See also: Rocky and Rockies

EnglishEdit

PronunciationEdit

Etymology 1Edit

From Middle English rokki, rokky (rocky),[1] from rok, rokke (rock; a rock or stone; large rock by a coast or in the sea; rocky outcrop on a mountain, cliff; castle, citadel, stronghold) [and other forms][2] + -i (suffix forming adjectives).[3] Rok, rokke are derived from:

both from Medieval Latin roca, rocca; further etymology uncertain, possibly of Celtic origin. The English word is analysable as rock +‎ -y (suffix forming adjectives meaning ‘having the quality of’).[4][5]

AdjectiveEdit

rocky (comparative rockier or more rocky, superlative rockiest or most rocky)

  1. Abounding in, or full of, rocks; consisting of rocks.
    a rocky mountain    a rocky shore
  2. Like a rock; rigid, solid.
    Synonyms: flinty; rocklike, rock-like; stonelike
  3. Of an animal or plant: having a habitat around on on rocks.
  4. (figuratively, archaic) Not easily affected or impressed; hard; obdurate; unfeeling.
    to have a rocky heart
Derived termsEdit
TranslationsEdit
The translations below need to be checked and inserted above into the appropriate translation tables, removing any numbers. Numbers do not necessarily match those in definitions. See instructions at Wiktionary:Entry layout § Translations.

Etymology 2Edit

From rock (to move back and forth) +‎ -y (suffix forming adjectives meaning ‘having the quality of’).[5][6] Rock is derived from Middle English rokken (to move (something, such as a cradle) back and forth; to move or sway back and forth in an unstable manner; to go) [],[7] from Old English roccian (to rock), from Proto-Germanic *rukkōną (to move; to move back and forth, rock), ultimately from Proto-Indo-European *h₃rewk- (to dig; to till (soil)).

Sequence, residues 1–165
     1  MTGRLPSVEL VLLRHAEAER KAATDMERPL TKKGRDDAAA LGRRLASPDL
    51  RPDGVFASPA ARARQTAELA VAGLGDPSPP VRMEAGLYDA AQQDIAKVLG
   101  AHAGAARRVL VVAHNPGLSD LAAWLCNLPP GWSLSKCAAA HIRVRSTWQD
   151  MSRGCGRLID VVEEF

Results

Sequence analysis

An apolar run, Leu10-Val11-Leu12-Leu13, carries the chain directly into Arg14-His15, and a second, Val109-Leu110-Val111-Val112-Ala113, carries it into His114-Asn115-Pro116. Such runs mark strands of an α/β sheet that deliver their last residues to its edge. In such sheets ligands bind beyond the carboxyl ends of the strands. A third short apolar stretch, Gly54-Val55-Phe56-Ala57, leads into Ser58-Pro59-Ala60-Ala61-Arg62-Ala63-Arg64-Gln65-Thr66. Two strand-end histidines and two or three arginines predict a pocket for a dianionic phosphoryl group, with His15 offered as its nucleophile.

AdjectiveEdit

rocky (comparative rockier or more rocky, superlative rockiest or most rocky)

  1. Easily rocked; unstable.
    Synonyms: tottering, wobbly
    The table was rocky, so we put a book under one leg.
  2. (figuratively)
    1. Encountering many problems; difficult, troubled; also, in danger or distress.
      (encountering many problems): Synonyms: hard, tough; see also Thesaurus:difficult
      (in danger): Synonyms: unsteady; see also Thesaurus:unsteady
      Their relationship had weathered some rocky times, but they loved each other.
    2. (originally US) Of a person: ill, or unsteady (for example, as a result of a shock).
      Synonyms: shaky, unnerved, weakened
Derived termsEdit
TranslationsEdit

Etymology 3Edit

From rock (rock and roll music) +‎ -y (suffix forming adjectives meaning ‘having the quality of’).[5][8]

AdjectiveEdit

rocky (comparative rockier or more rocky, superlative rockiest or most rocky)

  1. In the style of rock music.
    Synonyms: rockish; rockesque; rocklike, rock-like
    His new album is quite rocky.
TranslationsEdit

ReferencesEdit

  1. ^ rokkī, adj.”, in MED Online, Ann Arbor, Mich.: University of Michigan, 2007.
  2. ^ rok(ke, n.(1)”, in MED Online, Ann Arbor, Mich.: University of Michigan, 2007.
  3. ^ -ī̆, suf.”, in MED Online, Ann Arbor, Mich.: University of Michigan, 2007.
  4. ^ Compare “rocky, adj.1”, in OED Online  , Oxford, Oxfordshire: Oxford University Press, June 2021.
  5. 5.0 5.1 5.2 rocky, adj.”, in Lexico, Dictionary.com; Oxford University Press, 2019–present.
  6. ^ rocky, adj.2”, in OED Online  , Oxford, Oxfordshire: Oxford University Press, June 2021.
  7. ^ rokken, v.”, in MED Online, Ann Arbor, Mich.: University of Michigan, 2007.
  8. ^ rocky, adj.3”, in OED Online  , Oxford, Oxfordshire: Oxford University Press, September 2019.

Further readingEdit

AnagramsEdit